We now have an impressive record of progression to high quality employment for those students who aren’t continuing their Higher Education at University.

What sorts of things have we done?

Live Briefs

Live briefs, set by employers, was one route taken. Our Applied Computing students have been working with Virtual Reality software and equipment as part of their Foundation Degree and BSc. They were set a brief by Radstock Museum to create a Virtual Reality Ride into the mines of the Somerset Coalfields.

Our students received fantastic feedback at every stage of the process, and learned how to modify ideas to fit in with employer expectations and requirements. The results were certainly impressive, and the Museum now uses it as a central attraction, and a taster can be viewed on their website.


Like many in the sector, we had struggled to fill vacancies for level 4 and 5 lecturers in Construction and the Built Environment.

It was difficult to find candidates who had both up to date knowledge of Industry practice and were willing to work on FE rates of pay as opposed to more competitive rates within the Industry itself.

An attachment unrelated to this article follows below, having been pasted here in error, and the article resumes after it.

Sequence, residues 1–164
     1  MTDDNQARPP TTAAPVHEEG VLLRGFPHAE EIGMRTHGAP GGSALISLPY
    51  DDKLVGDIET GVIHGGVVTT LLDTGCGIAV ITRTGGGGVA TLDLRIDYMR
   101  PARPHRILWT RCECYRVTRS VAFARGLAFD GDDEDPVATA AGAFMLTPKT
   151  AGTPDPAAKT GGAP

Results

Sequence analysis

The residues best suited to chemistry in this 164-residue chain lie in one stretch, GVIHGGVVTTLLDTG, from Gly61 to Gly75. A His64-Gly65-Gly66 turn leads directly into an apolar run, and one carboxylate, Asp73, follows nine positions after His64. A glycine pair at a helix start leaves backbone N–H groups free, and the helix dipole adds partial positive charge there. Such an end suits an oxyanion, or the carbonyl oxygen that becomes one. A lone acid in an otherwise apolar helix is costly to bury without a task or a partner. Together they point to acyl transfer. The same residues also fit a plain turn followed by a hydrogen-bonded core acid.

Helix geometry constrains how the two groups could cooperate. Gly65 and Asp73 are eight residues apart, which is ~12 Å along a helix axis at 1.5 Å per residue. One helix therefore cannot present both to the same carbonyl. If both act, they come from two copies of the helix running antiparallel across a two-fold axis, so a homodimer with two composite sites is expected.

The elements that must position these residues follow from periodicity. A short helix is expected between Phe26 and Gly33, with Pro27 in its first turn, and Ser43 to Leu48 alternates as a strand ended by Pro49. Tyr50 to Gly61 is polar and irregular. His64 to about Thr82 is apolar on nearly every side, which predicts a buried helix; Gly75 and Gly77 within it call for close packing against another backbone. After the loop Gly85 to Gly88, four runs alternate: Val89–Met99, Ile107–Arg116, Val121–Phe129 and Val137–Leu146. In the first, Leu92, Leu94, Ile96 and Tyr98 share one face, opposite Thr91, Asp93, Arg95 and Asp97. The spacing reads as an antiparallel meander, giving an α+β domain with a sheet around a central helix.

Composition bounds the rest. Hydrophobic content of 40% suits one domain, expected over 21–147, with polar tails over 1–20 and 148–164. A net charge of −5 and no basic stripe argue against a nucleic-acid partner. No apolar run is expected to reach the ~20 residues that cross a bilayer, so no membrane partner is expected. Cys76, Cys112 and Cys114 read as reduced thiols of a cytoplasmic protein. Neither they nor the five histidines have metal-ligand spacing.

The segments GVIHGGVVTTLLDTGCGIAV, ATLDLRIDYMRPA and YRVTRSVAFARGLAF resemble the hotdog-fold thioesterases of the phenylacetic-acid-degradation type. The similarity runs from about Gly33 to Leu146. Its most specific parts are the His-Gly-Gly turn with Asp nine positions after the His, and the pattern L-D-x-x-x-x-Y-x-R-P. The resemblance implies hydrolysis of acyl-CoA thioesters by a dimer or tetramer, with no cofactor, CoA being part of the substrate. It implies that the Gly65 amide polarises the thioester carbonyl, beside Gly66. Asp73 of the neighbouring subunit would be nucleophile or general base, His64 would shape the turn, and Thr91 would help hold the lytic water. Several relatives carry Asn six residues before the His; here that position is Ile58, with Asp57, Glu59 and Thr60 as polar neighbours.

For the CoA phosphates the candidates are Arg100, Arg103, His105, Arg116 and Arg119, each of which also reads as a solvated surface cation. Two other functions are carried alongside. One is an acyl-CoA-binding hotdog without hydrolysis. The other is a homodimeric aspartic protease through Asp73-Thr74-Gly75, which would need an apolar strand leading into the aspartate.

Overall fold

Our solution was to use an idea based on the TeachToo programme developed by the Education Training Foundation (ETF). We approached a locally based company, an international firm providing construction and engineering consultancy, who provided professionals who came and delivered specialist elements of the programme, on short term flexible contracts.

This work fitted around other commitments they had, and usually amounted to one morning or afternoon per week. This also provided a good CPD opportunity to the teaching teams to draw upon up-to-date subject knowledge and industry practice. This has been in place for five or six years now and really enhances the quality and delivery of this programme.

Business Mentors

In another area, Business, we took a different approach to engage employers in delivery.

All our HND students have to do a business start-up as a component of their studies.

We used local employers as Business Mentors to support and develop business start-up ideas. In one case two Coffee Houses in Bath supported one of the students to start up a Coffee House of their own.